In an agonising decision which involved balancing the sanctity of human existence against an individual’s quality of life, a stroke victim’s life will be cut short by many years after a judge granted doctors permission to cease attempts to give her food and drink.
The woman was only in her mid-50s and could have lived into old age. However, she was in a ‘minimally conscious state’ and had shown no signs of recovery. She had physically resisted attempts to tube feed her and her loved ones had said that they had no wish to see her suffer any further. Doctors said that, although it would be possible to continue feeding her, attempts to do so would be highly intrusive and would involve sedation or ‘severe restraint’.
The judge underlined the ‘strong presumption in favour of the preservation of life’ and acknowledged that, if successfully fed, hydrated and medicated, the woman would be kept alive for many more years in relative comfort. She would continue to experience life as a sensate being with a degree of awareness of herself and her environment.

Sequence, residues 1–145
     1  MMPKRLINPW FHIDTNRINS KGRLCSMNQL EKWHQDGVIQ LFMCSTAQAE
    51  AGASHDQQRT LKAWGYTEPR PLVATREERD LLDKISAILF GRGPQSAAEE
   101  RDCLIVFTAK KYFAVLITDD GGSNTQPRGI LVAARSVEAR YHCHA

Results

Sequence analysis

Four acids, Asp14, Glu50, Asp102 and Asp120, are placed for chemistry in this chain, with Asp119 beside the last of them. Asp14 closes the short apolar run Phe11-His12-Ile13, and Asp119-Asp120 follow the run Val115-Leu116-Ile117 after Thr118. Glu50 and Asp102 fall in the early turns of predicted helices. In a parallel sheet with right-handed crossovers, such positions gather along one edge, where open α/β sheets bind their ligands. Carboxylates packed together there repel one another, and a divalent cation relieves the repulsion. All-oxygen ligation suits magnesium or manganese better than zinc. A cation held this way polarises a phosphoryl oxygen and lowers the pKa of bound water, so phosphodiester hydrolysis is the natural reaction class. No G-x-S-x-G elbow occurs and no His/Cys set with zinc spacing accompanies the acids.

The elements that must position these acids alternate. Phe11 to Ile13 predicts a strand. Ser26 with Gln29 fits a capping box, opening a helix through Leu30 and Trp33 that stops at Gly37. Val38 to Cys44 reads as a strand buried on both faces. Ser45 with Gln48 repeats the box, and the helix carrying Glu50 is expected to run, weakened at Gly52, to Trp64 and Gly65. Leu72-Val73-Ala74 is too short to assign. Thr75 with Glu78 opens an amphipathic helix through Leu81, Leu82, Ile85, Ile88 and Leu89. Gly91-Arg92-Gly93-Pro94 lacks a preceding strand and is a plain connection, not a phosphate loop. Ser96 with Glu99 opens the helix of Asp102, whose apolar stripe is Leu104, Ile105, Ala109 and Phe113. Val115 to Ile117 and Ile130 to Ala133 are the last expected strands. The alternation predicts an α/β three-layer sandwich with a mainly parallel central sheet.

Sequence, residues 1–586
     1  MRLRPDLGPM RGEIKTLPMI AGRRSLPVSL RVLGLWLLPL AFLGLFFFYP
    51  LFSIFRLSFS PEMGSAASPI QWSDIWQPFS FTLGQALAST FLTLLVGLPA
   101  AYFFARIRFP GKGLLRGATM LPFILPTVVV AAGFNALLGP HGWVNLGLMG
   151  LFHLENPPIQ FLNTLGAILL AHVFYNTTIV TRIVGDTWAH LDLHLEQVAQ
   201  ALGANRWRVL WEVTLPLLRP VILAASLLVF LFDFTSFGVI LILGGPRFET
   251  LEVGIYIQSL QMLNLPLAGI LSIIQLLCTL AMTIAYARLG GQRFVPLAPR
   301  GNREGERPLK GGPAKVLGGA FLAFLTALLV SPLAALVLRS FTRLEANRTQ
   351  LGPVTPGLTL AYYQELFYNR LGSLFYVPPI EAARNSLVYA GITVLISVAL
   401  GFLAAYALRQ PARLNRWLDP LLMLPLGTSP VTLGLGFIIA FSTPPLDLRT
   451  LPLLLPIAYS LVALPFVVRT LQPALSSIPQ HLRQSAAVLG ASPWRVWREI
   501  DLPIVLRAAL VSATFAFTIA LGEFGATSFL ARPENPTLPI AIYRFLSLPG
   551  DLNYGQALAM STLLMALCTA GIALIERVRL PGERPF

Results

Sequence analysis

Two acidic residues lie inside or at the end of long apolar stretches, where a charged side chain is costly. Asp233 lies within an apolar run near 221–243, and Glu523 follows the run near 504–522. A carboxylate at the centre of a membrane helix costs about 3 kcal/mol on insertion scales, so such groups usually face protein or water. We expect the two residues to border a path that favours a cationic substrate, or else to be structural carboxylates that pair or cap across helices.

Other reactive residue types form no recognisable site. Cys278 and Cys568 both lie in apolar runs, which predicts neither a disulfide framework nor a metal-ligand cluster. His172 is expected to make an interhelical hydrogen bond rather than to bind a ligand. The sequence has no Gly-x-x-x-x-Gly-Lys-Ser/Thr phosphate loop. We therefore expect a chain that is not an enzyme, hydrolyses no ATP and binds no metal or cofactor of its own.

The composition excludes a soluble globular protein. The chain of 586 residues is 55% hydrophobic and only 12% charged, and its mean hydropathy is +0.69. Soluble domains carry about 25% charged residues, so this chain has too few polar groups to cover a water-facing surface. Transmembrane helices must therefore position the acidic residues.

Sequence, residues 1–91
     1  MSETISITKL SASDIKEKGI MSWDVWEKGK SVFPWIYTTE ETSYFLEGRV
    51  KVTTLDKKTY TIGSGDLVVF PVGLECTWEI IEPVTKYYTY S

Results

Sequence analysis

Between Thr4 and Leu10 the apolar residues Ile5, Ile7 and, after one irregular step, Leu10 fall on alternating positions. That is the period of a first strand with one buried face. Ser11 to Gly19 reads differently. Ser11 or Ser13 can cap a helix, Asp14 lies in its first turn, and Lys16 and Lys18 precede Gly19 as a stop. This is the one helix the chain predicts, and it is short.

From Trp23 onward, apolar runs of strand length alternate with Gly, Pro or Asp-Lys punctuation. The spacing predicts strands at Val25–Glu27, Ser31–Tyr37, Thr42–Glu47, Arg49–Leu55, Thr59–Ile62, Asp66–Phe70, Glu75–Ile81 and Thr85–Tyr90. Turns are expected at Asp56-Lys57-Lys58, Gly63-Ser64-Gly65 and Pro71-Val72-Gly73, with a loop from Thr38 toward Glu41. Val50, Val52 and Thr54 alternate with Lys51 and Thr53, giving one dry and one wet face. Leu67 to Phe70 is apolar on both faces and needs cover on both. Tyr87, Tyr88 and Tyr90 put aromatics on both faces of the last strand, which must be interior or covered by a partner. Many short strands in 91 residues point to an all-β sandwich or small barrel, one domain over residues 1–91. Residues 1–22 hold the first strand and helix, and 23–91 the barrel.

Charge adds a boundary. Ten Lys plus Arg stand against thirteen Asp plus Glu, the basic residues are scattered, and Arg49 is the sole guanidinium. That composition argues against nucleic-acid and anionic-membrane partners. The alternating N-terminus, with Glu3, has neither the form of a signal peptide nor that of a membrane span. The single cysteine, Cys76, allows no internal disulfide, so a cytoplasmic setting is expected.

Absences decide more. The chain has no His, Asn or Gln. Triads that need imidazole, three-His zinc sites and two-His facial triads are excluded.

However, she no longer had the mental capacity to make choices about her own treatment and the judge was convinced that further attempts at artificial feeding would not be in her best interests. She would endure much pain and suffering if she lived on and her medical care would be invasive and laden with risk.
The judge granted a declaration that doctors can lawfully withdraw both liquids and nutrition from the woman. She said that the woman would continue to receive palliative care so that ‘she suffers the least distress and retains the greatest dignity until such time as her life comes to an end.”